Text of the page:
Terroirist Tuesday: The Terroir of Chocolate, Part 1

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by L.M. Archer, FWS

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I attended Seattle’s 2014 International Chocolate Salon with one simple question for chocolatiers:

‘Does terroir inform the character of chocolate, as it does wine?’

The resounding answer? Yes, it does. Like Burgundy’s wine subregions, chocolate’s growing regions and microclimates vary, and these variations inform the flavor profiles of the finished product. More on this next week in Terroirist Tuesday: The Terroir of Chocolate – Part 2.

In the meantime, enjoy  binNotes’ favorite tasting notes from Seattle Chocolate Salon 2014:

Perfume and Chocolate

I didn’t get it at first. A gauntlet of hand-crafted fine fragrances bank the walls leading into the Chocolate Salon. I thought this event was about chocolate? After sampling the perfume, however, I got it. Both chocolate and fragrance creation involve the custom-blending of exotic ingredients – resulting in end products that delight the senses. So it does makes sense, no pun intended.

binNotes personal fave: Pamplemousse*, by SweetTeaApothecary.com. Sweet Tea Apothecary crafts ‘Historically Inspired Perfumes’ such as Dead Writers, Pemberly, and La Reine Antoinette. *Note: Owner and perfumer JT Siems shares that Pamplemousse is the number one seller in Seattle – a blend of Ginger, bamboo, white tea, saffron, grapefruit and honey.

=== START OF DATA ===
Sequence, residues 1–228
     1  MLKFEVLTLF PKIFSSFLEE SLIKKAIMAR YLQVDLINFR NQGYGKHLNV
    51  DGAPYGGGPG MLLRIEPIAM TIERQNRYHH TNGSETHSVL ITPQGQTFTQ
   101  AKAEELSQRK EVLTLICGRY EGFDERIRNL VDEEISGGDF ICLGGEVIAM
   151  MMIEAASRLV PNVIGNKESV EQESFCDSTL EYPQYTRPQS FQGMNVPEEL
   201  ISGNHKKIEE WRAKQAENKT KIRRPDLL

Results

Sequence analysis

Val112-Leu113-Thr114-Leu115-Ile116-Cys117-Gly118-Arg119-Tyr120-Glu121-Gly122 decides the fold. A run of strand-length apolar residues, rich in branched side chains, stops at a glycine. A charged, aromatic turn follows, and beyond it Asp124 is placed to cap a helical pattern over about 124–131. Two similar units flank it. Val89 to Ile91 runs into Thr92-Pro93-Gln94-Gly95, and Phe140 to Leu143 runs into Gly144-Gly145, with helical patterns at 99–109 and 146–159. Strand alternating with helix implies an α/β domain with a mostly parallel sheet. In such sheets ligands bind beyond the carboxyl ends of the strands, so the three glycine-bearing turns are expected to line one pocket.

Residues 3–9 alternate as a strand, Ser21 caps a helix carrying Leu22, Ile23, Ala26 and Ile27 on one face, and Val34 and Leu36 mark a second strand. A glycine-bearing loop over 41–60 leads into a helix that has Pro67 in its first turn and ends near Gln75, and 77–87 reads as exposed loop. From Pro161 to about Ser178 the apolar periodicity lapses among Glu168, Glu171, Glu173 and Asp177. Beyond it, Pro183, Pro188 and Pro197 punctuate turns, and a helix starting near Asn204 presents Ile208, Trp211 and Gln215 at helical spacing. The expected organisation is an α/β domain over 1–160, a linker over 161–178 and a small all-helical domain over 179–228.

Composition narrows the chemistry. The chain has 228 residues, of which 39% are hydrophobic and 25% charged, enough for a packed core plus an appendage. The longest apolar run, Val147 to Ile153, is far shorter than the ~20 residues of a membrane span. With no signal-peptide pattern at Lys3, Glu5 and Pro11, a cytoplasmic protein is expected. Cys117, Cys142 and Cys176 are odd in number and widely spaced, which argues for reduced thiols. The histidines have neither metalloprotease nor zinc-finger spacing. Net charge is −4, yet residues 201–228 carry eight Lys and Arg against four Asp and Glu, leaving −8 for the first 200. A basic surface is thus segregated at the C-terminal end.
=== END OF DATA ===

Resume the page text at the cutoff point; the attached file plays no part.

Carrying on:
Chocolate For All Diets

  • Smitten artisan truffles offer a lactose-free way to indulge with flavors like Vanilla Carmel and Tahitian Vanilla Bean Sea Salt. Chocolatier Vanessa Holden and her husband Otho Bel design their chocolates to pair well with wine, pinot especially…gotta love ’em!
  • Chocolatier Andrea Terrenzio’s Dolcetta Artisan Sweets provides gluten-free hazelnut truffles. And 10% of all profits go to feed people in need – a sweet treat all around.
  • Gusto Chocolates, the savory side of Forte Chocolates, mixes it up with combos like Bacon and Dark Chocolate or Rosemary and Sea Salt White chocolate bars…perfect with wine!


Wine…and Beer…and Chocolate


Indigenously Sourced Chocolates

Amano Artisan Chocolates sources their flavorful chocolates from diverse microclimates throughout remote regions of Venezuela, Dominican Republic, Madagascar, and Papua New Guinea.

binNotes’ personal fave: Dos Rios Dark 70% Chocolate bar, from rare Dominican Republic beans. Hints of lavender and bergamot, which chocolatier Aaron Davidson confirms reflects the surrounding vegetation.

Kallari Chocolates represents the only farmer-owned chocolatier attending the 2014 Seattle Chocolate Salon. Kallari sources from the Kichwa tribe of Ecuador in the Amazon Rain Forest.

binNotes’ personal fave: Sacha 60% cacao and coffee bean chocolate bar.


Thanks to  Seattle Chocolate Salon – see you back here next Terroirist Tuesday for Part 2: The Terroir of Chocolate.



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Copyrighted 2012-2014. All rights reserved. All images courtesy of the author.

4 thoughts on “Terroirist Tuesday: The Terroir of Chocolate, Part 1

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